Executive Corner: Passing the Torch: Succession Planning Fundamentals for A/E Firms
With a huge number of baby-boomer leaders preparing to retire, we’re witnessing the next generation of industry CEOs being promoted to lead their firms. Almost every week, we see press releases showcasing new A/E CEOs taking the reins from their predecessors—the evolutionary process often touted in a seamless and deliberate manner.
Unfortunately, not every organization is prepared for this transition. Whether it’s the founders’ desire to hold on for control or ego reasons or simply a lack of developed bench strength, many A/E firms struggle with succession planning. Failure to prepare for the next leader can create lingering concerns for clients and staff and be outright debilitating if there’s a tragic or unexpected event.
For guidance on this, we turned to Robert Sher, the founding principal of CEO to CEO, a consulting firm of former chief executives that improves the leadership infrastructure of midsized companies, including professional services firms. He has seen many effective CEO successions, but also instances where the wrong candidate, executive suite procrastination, or failure to mentor rising stars leads to setbacks and the inability to achieve peak company performance.
Why should A/E firms have a formal succession plan?
Sher: Unfortunately, we never know when our time will come, either from illness or other life surprises or circumstances. Continuity of leadership is critical. A void in leadership leaves a firm at risk, invites infighting and a power struggle, and should rightly worry clients and staff who will look for alternatives. The stronger the current leader, the more his or her absence will be felt.
Who is typically responsible for developing and implementing a CEO succession planning process?
Sher: In emerging midsized firms, it’s most often the CEO, whom often is an owner. CEO succession is a piece of a larger leadership succession challenge. Every leader should have a successor in place or in development. For firms with a board, the board should require the CEO to have a viable successor and should keep up the pressure until this is accomplished. Boards protect the interest of the owners, and not having a successor is a big risk.
In the case of an environmental-consulting client, the CEO had planned carefully for succession. In addition to life insurance and setting up an ESOP, he hired a talented individual and groomed him as his successor. When the CEO had to withdraw from the business due to illness, this person stepped up and—together with other senior leaders—kept the company running and growing without any interruption. He now serves as its CEO.
When should CEOs start forming a succession plan?
Sher: They should have a succession plan as soon as they pass the startup phase (unless their CEO is immortal and irrevocably enslaved as CEO of that company). Everyone is at risk for dying, including young CEOs. And any CEO can blow it (ethically or otherwise) and have to walk away, or have to tend to family matters. Perhaps more importantly, many AE firms are short of leadership altogether. People join the firms based on professional aspirations, not business or leadership aspirations. Having many people developing as leaders and businesspeople gives such firms the capacity to keep growing. Being prepared for succession can seem like a secondary benefit.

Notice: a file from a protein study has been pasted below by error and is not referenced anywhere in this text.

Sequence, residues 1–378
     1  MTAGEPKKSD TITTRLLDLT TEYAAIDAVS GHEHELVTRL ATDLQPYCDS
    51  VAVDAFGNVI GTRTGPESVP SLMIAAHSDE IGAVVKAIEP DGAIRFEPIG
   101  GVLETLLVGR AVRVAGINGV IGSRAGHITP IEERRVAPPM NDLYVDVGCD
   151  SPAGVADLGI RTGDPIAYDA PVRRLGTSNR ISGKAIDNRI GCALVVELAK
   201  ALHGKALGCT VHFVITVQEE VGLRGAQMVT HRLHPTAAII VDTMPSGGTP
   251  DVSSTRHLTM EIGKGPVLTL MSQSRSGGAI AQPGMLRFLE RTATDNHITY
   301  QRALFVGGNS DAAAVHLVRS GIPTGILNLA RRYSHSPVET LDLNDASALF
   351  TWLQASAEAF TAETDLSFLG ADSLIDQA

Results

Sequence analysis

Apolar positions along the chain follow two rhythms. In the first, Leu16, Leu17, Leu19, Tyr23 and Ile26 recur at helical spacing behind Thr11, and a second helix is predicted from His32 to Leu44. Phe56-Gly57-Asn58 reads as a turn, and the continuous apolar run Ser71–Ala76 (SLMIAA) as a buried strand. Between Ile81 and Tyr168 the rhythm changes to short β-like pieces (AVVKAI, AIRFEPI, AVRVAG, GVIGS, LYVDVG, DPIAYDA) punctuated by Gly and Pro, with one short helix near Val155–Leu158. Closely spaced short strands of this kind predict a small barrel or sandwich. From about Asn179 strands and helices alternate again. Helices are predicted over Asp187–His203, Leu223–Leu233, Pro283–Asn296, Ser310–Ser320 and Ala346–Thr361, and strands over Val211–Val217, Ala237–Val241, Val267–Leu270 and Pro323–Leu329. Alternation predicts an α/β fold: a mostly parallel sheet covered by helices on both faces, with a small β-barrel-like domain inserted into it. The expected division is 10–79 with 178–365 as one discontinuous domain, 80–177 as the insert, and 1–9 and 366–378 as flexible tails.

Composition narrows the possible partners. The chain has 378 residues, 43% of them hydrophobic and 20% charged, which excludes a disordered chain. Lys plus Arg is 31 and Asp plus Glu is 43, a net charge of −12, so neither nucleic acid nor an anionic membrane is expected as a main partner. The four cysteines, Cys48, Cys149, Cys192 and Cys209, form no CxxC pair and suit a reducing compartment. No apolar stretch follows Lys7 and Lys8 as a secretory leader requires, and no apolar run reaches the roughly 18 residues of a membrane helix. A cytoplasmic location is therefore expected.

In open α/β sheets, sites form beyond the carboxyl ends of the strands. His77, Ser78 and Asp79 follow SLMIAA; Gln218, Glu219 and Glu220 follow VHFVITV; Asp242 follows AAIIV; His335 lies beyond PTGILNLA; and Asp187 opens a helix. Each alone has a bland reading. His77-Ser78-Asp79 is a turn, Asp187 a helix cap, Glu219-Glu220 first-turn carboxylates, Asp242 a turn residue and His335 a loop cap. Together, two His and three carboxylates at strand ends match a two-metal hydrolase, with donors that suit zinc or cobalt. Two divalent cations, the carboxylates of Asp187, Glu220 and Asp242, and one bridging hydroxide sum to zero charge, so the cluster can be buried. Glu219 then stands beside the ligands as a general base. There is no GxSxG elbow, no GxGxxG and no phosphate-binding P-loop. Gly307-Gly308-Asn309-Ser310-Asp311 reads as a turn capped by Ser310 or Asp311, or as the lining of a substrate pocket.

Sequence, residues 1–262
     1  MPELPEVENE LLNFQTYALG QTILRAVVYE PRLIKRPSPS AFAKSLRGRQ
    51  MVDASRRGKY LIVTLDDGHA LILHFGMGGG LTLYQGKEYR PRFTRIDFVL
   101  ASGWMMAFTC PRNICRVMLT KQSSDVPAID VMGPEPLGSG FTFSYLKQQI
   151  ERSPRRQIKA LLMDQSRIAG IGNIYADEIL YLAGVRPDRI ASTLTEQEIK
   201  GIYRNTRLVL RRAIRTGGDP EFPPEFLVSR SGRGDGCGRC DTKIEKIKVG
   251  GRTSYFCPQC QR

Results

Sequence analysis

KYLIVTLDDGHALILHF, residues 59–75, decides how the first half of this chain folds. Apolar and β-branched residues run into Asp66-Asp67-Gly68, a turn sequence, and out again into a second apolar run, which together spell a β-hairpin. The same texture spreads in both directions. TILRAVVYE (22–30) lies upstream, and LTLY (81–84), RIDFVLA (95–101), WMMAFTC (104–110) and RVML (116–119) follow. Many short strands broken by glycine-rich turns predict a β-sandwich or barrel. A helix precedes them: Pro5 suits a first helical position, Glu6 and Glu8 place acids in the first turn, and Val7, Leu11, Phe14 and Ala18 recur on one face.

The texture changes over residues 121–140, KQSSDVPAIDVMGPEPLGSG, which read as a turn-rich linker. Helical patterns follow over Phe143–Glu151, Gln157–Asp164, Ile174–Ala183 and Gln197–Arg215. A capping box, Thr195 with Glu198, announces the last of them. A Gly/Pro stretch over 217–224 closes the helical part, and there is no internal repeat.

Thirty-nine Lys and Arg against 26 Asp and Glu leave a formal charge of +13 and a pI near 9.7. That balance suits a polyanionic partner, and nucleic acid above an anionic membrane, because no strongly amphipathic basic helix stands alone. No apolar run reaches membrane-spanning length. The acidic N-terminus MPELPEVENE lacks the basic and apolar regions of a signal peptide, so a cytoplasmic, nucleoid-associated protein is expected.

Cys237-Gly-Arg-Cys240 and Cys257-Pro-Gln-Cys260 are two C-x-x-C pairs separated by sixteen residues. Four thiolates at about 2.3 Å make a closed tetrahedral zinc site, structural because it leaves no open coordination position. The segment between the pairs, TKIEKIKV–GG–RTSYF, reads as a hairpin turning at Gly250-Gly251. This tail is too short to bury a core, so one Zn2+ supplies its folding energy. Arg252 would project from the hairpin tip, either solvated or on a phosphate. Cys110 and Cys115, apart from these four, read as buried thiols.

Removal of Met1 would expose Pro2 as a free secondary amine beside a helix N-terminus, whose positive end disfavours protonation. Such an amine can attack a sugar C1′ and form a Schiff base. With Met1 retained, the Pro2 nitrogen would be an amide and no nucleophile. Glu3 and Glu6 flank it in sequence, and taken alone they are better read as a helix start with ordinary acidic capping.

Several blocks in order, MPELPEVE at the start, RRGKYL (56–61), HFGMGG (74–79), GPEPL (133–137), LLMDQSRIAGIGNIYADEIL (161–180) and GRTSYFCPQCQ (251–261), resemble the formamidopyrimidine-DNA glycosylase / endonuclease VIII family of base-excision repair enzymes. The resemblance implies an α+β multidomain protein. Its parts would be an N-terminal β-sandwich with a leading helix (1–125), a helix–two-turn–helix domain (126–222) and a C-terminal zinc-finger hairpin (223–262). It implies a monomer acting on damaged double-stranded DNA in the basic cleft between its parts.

What are some of the characteristics and capabilities CEOs should look for with internal candidates?
Sher: There are several I would emphasize: a love of leadership and business, strong emotional intelligence and good followership in the organization, excellent judgment, and proven success in leading projects or lesser management duties.
Under what conditions should a board consider an outsider as CEO?
Sher: Under all conditions. Every company deserves the best CEO they can attract. Being an insider has considerable benefits, but those could be outweighed by an outside candidate. As the time nears for the new leader to step into the CEO seat, a short list must be developed. That may include many insiders, but should also include outsiders in the firm’s network who would likely fit the culture and bring powerful skills, experience and perhaps “fresh eyes” to the firm. Firms who only have weak internal candidates should absolutely search aggressively on the outside, and get help doing it. There are many wonderful people outside your company who could lead it well.
Based on your experiences, what are a few common misconceptions about succession planning?
Sher: There are several, including that simply having a few names on a piece of paper titled “Succession Planning” is all you need to do. Another is that possible succession candidates should be kept in the dark, lest they desire the position immediately. I also see a belief that succession doesn’t require clarity and commitment as to the date when the new CEO will start (when the incumbent plans to retire). Finally, that the CEO who relinquishes the seat must go off into a corner to die. Many former CEOs in A/E firms can have new roles in the business and contribute in myriad ways.